Little Lola's Macaroni and Cheese

Photo by Bobbi Lin
Author Notes

My favorite Cleveland restaurant unfortunately just suffered a fire and is in the rebuilding process, and I can't wait until it reopens. One of my favorite dishes there is a white macaroni and cheese with goat's cheese and rosemary. I first tried it when I was a student, as a half portion would go on special during happy hour at the bar. Even now without such a tight budget, it is still my go-to comfort food. Here's to Lolita—enjoy. —Emily | Cinnamon&Citrus

Test Kitchen Notes

This pasta has a presence. The combination of goat cheese and apricots is sweet, creamy, and slightly tangy. I’ve never considered apricots in pasta before and got a little over-eager when adding them to the dish, making it perhaps too sweet. But this was an easy, filling dish that I would make again. —Katie Macdonald

  • Serves 4
  • 1 pound rigatoni or penne rigate pasta
  • 2 tablespoons butter
  • 2 tablespoons all-purpose flour
  • 2 cups milk
  • 1 sprig rosemary
  • 1 bay leaf
  • 1/4 teaspoon white pepper
  • Salt to taste
  • 7 to 8 dried apricots, chopped (about 1/4 to 1/3 cup)
  • 4 ounces chevre
In This Recipe
  1. Bring a large pasta pot of water to boil while you start your sauce. Once boiling, salt the water well, then cook your pasta one minute shy of the directed cooking time, to just short of al dente, and drain.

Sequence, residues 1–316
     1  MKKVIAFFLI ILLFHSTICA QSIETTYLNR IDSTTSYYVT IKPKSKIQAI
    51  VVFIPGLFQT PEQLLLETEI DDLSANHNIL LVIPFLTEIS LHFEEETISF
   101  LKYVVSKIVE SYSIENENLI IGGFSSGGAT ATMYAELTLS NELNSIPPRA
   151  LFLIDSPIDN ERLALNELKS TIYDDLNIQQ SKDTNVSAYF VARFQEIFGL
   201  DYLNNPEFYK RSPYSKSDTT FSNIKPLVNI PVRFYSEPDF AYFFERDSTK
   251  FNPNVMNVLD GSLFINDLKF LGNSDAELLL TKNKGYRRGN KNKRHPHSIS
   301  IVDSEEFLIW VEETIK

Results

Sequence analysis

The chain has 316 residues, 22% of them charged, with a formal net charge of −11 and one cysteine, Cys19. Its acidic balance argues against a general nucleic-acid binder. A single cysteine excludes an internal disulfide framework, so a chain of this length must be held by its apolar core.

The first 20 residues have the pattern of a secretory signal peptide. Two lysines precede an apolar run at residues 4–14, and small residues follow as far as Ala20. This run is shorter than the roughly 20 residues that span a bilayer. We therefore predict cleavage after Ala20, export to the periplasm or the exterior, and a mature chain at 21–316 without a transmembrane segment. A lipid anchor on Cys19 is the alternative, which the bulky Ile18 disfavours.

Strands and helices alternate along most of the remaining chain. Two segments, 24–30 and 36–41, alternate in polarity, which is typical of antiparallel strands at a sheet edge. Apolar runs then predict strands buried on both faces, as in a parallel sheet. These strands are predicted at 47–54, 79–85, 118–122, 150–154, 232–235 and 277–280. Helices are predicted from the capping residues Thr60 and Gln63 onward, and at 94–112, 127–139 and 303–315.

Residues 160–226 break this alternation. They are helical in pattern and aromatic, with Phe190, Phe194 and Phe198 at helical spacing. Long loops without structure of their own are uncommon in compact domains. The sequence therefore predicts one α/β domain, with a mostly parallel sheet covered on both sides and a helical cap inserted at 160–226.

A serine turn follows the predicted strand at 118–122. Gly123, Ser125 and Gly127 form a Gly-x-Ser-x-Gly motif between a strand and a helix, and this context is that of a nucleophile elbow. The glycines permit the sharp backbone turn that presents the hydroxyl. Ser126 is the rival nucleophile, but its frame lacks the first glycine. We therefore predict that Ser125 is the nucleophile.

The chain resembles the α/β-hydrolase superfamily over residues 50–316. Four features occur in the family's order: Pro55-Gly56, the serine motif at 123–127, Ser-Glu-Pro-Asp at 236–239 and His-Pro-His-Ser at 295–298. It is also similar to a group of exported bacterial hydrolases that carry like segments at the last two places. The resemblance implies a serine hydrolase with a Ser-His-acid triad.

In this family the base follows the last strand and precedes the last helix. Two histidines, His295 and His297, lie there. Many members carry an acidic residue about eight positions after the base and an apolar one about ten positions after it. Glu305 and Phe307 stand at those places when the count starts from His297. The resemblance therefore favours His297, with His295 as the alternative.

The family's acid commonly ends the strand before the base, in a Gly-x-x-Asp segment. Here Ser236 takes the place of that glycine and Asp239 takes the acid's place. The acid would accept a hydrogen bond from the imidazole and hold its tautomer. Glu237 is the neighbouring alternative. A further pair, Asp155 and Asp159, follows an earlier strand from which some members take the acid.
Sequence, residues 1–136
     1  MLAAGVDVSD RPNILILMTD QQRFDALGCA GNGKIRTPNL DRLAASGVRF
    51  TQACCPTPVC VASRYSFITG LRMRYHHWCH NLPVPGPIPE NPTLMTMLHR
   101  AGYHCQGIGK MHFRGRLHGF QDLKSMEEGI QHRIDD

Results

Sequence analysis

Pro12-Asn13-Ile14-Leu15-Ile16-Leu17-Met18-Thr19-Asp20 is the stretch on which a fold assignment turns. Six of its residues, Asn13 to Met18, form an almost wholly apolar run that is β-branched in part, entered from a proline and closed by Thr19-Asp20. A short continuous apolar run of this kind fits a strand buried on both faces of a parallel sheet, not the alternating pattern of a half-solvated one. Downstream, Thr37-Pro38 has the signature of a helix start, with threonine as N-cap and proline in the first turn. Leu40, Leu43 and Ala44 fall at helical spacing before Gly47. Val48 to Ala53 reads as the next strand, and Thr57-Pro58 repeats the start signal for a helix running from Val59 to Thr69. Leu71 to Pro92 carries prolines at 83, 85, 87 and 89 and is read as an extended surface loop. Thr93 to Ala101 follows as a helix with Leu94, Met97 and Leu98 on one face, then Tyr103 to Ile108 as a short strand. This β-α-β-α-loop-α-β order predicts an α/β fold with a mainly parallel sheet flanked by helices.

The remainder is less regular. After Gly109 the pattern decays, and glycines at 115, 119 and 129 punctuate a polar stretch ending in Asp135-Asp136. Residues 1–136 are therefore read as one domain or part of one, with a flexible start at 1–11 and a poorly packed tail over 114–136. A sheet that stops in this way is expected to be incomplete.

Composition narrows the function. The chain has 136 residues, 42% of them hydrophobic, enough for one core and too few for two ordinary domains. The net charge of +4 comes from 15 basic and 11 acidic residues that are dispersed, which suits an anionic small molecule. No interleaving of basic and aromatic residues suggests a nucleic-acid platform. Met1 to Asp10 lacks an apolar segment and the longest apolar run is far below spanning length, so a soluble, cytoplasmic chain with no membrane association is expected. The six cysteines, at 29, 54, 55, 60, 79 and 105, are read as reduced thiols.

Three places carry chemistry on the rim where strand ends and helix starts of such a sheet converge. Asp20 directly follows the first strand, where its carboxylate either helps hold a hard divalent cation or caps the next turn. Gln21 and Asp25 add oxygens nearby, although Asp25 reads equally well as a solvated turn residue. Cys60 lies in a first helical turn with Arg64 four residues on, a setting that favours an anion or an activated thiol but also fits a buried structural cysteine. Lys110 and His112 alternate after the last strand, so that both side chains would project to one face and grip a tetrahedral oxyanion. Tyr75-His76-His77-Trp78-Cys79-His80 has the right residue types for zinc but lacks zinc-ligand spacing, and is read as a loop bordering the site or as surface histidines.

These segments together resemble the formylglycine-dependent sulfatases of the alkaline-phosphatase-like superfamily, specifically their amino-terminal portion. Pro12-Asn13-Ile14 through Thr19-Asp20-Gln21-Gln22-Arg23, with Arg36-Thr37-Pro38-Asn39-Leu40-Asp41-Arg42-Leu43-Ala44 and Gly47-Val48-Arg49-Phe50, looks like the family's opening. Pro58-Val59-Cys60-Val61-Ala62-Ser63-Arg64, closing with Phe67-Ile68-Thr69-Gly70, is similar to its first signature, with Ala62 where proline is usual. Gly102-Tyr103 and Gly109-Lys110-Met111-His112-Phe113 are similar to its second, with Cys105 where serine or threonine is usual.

2. In a medium/large saucepan (large enough to later finish cooking your pasta in the sauce), melt the butter over medium heat. To the melted butter, whisk in the flour until well combined with no lumps. Cook for only a few minutes to remove the raw flour taste; this is a light roux.
  3. Whisking constantly, add the milk to your roux. Bring to a slow bubble over medium heat, whisking until the sauce just begins to slightly thicken. Add the rosemary, bay leaf, and apricots, and season with salt (go light initially and readjust if needed after the cheese is added) and white pepper. Continue cooking the béchemel sauce slowly over medium heat, stirring frequently and scraping down the sides of the pan with a wooden spoon, until the sauce is thick and coats the back of a spoon, about 20 minutes.
  4. Remove the bay leaf and rosemary sprig. Crumble the goat cheese into the sauce and stir to thoroughly combine (now you have a Mornay sauce). Add your cooked, drained pasta to the sauce and continue cooking for another minute or so, stirring to coat the noodles. If you care to garnish with a sharp cheese, I suggest Pecorino for this, as this sheep's milk cheese is tangy and echoes the goat cheese flavor—but I enjoy this straight from the pot as above!

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